I soak and sprout all of my quinoa whenever I make it as well. To do this, I soak my quinoa in filtered water for about 12 hours, then rinse it and put it in a sprouting jar to sprout for about another 12-24 hours or so. You will know when it is done sprouting when you see the little “tails” emerge.


This being said, I rarely eat grains. But when I do, it’s usually soaked oats or sprouted quinoa, as these tend to agree with me best. I do not often eat rice or corn, and I am still 100% gluten free so wheat, barley and rye have been out of my life for quite a while.


In all cases of soaking and sprouting, your grains should be rinsed thoroughly before cooking, to remove any phytic acid and to prevent molding. When I sprout my quinoa, I rinse it twice throughout the process, and once again just before cooking it.


Nuts, seeds and legumes also contain phytic acid and can be soaked and sprouted before consumption. I soak and sprout my nuts and seeds most of the time before consuming them. Due to their tough outer shell, these need to be soaked and sprouted longer than grains do.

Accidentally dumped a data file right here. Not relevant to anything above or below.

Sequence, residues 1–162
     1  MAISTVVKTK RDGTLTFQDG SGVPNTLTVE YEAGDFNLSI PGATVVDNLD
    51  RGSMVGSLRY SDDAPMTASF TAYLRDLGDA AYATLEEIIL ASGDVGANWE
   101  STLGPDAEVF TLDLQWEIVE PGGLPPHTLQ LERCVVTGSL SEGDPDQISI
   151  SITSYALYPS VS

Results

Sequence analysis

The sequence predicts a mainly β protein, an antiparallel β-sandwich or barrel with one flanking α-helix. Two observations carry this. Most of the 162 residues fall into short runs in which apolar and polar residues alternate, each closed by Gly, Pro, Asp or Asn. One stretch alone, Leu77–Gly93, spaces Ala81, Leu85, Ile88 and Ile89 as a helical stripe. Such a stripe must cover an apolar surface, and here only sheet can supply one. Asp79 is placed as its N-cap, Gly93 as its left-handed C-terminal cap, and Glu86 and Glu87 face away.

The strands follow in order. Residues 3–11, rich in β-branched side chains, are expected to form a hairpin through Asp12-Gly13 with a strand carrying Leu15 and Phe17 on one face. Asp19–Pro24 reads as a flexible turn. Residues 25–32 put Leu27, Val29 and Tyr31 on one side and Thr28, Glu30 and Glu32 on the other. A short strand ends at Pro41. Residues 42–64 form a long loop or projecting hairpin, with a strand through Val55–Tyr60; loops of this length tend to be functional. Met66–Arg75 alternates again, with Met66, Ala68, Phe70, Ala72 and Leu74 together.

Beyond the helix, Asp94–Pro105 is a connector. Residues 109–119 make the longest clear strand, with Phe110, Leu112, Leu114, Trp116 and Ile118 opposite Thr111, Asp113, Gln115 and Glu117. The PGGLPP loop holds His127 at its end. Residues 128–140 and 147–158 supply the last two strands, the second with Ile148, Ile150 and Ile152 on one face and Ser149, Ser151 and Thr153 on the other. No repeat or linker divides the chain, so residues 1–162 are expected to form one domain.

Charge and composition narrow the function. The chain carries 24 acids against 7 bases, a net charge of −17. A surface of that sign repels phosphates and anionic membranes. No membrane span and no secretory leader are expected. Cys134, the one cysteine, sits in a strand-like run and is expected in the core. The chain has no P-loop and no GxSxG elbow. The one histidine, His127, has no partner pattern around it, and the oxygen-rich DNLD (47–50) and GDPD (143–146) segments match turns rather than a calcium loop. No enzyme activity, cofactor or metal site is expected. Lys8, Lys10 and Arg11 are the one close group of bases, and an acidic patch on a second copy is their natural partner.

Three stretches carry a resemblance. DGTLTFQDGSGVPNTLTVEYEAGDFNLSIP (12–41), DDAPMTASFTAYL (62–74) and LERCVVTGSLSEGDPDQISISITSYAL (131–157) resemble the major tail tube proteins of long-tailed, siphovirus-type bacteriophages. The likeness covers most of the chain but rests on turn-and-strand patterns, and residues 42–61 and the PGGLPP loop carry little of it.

Sprouting is best if you have time and patience to do it, as this turns the grains/nuts/seeds into living foods, much more compatible with our digestive system. However, if you don’t have time to sprout, just soaking them overnight will do.


In Conclusion

 Although there is no “magic” answer when it comes to the grain debate, from my experience as well as my research, I have come to the conclusion that grains should be consumed rarely or not at all. And, if you’re going to continue eating grains, it is best to soak (and possibly sprout) them first.


The facts are in: grains slow digestion, are difficult to break down, raise blood sugar levels, contribute to weight gain, feed fungus such as candida, and inhibit vitamin and mineral absorption.


And these are just some of the effects grains have on the body. What about my personal experiences of my arthritic/muscular symptoms and rashes subsiding, and my digestion improving with the elimination of all grains?


There is a ton of research out there, and I encourage you to take a look at it and draw your own conclusions. Better yet, try going grain free for a week. What do you notice?